The Revolution Will Be Tweeted: Why It's Not Enough To Talk The Talk

The Revolution Will Be Tweeted: Why It's Not Enough To Talk The Talk

Today's Pan-Africanism and the parallels between #BlackLivesMatter and #ThisFlag
18
views

Nelson Mandela and Martin Luther King Jr., Steve Biko and Huey P. Newton. Robert Sobukwe and Malcolm X. African liberation movements and the American civil rights movement, and their corollary of Black Consciousness have mirrored and borrowed from each other for years, forging connections between the US and the continent that most people either aren’t aware of or choose to ignore. Kwame Nkrumah, in his vision for Ghana's independence, borrowed a lot from Marcus Garvey's thoughts on Pan-Africanism, which were in turn taken on by many African countries in their independence movements. Over time, however, Pan-Africanism has been diluted and taken on multiple meanings. Politicians like Thabo Mbeki called for “economic Pan-Africanism,” leaders like Robert Mugabe and the late Muammar Gaddafi sought “political Pan-Africanism” and the proponents of the Negritude movement engaged in what one could call an “intellectual Pan-Africanism.” The point is, ideals of Pan-Africanism have intertwined black people everywhere for a long time, and this has not always been for the better.

In our day, social media has become a platform for the sharing of content, ideas and movements. There’s a new kind of black experience, where we - via Twitter, Instagram, Tumblr and the like - are connecting with each other, and with this hyper-exposure we’ve been forced to grapple with ideas about what it really means to be black. Siyanda Mohutsiwa in her TedTalk coined the term “social Pan-Africanism” to indicate this sense of interconnectedness, particularly on the interwebs. And although she meant it in a distinctly positive sense, the flip-side is that “Africa” ceases to be a real place with real people, and instead becomes a romanticised, exoticized entity.


We latch onto this new version of Pan-Africanism without stopping to think about its implications. Festivals like Afropunk try to cash in on this new sense of shared identity, and artists like Beyonce and Kendrick Lamar embrace it in their music videos and performances, all the while refusing to tour on the continent or really try to gain an understanding of all the symbolism they like to employ. This has often erupted in heated debates, such as the whole debacle aboutBlack Americans appropriating African culture sparked by Zipporah Gene, which tend to spiral unnecessarily into oppression Olympics. Most recently, however, this issue has been apparent in the parallels between the #BlackLivesMatter movement and movements on the continent like #ThisFlag.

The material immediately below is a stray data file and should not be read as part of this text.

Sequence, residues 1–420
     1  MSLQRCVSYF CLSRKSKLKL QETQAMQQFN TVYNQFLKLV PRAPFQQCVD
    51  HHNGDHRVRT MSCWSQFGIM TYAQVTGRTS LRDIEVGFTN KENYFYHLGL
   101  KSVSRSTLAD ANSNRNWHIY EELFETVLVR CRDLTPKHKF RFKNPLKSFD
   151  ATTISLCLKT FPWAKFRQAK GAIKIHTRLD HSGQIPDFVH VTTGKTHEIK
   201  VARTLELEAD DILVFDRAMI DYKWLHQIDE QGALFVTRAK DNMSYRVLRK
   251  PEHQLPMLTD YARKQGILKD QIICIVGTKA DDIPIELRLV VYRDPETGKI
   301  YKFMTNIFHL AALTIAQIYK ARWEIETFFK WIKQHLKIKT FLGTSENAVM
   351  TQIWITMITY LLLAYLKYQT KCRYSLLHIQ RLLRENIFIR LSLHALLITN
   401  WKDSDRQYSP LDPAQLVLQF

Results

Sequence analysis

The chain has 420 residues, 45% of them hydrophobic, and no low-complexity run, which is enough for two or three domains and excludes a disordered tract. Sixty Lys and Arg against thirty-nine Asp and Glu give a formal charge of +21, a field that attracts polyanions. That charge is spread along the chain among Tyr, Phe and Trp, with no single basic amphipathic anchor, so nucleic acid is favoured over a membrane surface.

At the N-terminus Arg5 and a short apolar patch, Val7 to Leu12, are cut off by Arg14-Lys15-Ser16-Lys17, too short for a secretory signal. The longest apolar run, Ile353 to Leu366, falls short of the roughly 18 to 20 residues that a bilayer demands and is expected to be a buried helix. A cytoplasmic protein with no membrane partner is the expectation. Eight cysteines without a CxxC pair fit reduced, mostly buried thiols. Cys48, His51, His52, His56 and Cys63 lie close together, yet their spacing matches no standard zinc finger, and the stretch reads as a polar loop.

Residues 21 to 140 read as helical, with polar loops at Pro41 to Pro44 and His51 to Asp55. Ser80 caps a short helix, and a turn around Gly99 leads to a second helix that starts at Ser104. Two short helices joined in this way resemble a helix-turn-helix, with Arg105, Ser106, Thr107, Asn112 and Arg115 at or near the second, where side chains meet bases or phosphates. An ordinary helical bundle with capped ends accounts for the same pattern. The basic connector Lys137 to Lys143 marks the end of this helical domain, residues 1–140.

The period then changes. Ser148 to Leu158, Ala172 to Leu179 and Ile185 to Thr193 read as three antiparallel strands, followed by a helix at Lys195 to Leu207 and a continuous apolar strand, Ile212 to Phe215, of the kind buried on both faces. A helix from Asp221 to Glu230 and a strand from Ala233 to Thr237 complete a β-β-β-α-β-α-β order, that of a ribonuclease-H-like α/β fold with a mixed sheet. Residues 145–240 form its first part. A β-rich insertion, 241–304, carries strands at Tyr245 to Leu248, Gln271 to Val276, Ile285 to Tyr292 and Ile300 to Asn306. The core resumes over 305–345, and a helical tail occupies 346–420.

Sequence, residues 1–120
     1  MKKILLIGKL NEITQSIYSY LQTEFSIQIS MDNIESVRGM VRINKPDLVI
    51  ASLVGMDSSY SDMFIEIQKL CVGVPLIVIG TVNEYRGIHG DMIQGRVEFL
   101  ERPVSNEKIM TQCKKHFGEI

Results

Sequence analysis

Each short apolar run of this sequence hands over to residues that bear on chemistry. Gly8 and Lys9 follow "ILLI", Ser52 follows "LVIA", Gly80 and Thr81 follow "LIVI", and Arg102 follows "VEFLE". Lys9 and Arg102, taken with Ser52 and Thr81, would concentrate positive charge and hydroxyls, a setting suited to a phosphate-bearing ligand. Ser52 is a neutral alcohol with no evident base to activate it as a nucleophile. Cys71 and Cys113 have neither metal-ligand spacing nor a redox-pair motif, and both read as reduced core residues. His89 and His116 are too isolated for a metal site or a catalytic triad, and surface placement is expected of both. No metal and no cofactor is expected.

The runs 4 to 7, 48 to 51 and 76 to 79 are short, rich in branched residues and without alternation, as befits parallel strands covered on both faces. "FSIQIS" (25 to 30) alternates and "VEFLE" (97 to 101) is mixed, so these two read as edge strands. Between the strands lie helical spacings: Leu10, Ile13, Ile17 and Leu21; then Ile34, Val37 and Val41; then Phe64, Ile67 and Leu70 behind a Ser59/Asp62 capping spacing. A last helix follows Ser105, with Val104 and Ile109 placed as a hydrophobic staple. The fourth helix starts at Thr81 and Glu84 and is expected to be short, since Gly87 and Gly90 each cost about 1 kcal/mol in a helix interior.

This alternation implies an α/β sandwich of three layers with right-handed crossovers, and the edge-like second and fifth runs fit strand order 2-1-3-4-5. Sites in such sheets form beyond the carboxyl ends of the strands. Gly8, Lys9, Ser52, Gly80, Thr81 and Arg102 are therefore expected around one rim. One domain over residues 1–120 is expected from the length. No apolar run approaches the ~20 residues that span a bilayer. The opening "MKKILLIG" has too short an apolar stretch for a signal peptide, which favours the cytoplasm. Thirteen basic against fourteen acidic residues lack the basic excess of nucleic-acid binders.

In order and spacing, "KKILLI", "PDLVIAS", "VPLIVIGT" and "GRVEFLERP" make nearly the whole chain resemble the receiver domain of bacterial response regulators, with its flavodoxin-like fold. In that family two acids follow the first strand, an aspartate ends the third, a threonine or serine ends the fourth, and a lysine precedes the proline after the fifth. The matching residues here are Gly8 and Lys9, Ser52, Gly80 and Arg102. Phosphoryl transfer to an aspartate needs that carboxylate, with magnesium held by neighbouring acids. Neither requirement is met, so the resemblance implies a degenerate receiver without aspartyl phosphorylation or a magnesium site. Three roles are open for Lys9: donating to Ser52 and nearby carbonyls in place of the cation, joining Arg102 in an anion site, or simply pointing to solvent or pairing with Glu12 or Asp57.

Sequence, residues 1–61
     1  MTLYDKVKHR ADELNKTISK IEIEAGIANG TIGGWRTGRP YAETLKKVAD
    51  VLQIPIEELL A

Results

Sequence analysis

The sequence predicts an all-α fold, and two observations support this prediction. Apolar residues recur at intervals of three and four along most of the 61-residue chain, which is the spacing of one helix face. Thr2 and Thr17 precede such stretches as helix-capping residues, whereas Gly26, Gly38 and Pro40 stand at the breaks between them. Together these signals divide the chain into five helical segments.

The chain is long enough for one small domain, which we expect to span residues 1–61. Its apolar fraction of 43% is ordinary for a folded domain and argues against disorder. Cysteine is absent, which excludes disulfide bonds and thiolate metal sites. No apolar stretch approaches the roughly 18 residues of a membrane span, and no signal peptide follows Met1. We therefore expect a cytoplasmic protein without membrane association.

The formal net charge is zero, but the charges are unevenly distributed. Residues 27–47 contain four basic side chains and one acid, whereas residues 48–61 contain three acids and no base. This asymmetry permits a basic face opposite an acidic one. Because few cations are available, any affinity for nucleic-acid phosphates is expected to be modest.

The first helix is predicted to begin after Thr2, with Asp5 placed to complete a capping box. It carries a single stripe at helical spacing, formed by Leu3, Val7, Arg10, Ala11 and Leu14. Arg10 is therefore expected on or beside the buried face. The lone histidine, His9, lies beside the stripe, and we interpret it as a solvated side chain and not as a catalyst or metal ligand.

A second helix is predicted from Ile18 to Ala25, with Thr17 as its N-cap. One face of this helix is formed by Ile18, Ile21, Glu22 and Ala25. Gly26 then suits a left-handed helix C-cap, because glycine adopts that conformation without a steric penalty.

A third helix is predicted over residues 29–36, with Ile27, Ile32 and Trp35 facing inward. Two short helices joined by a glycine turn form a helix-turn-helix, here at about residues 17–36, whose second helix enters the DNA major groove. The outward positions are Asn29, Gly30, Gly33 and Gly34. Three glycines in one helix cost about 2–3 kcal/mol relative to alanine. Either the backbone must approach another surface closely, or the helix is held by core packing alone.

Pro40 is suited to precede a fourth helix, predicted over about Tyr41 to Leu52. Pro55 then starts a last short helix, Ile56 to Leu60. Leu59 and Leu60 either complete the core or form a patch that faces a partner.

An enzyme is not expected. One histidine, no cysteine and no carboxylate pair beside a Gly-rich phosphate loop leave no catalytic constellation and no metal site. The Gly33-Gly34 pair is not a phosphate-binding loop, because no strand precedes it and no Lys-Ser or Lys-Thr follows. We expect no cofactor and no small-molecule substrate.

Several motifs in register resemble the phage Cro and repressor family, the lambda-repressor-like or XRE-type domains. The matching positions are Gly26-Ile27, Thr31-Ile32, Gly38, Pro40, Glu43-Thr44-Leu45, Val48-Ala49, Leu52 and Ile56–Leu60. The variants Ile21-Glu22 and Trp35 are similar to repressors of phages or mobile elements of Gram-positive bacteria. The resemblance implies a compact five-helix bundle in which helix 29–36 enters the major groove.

#BlackLivesMatter has been a force to be reckoned with for a while now. Sparked by outrage at the murder of Trayvon Martin by George Zimmerman in 2012, the movement has been bringing awareness to and resisting the modern day genocide against black people in the United States. Protests against police brutality and systemic racism have gained so much traction that #BlackLivesMatter has received solidarity from all over the place - including the continent.


Ryan Lenora Brown interviewed South African students for an article in the CS Monitor, and wrote about a student activist who said “We are lamenting the same pain we are feeling with them. We are here to send the message that black lives matter everywhere in the world.” Africans have taken on the Black Lives Matter movement, in the spirit - I would argue - of the social Pan-Africanism that Siyanda Mohutsiwa speaks of. The problem, however, is a profound lack of reciprocity.

The #ThisFlag movement of Zimbabwe was born in much the same way #BlackLivesMatter was - it’s a movement of the people, protesting unjust systems that have been in place for too long. Pastor Evan Mawarire, “through his social media movement... has been backing a stay-away campaign this month to protest about perceived corruption and economic mismanagement” (BBC News). When police arrested him on trumped-up charges and he was likely to disappear mysteriously into the bowels of the judicial system, when police were beating old women in the streets for carrying their flags, when people were assaulted for staying home from work in protest, Zim Twitter’s outrage spilled into the streets and held the justice system accountable for its actions, ultimately resulting in Pastor Evan’s release.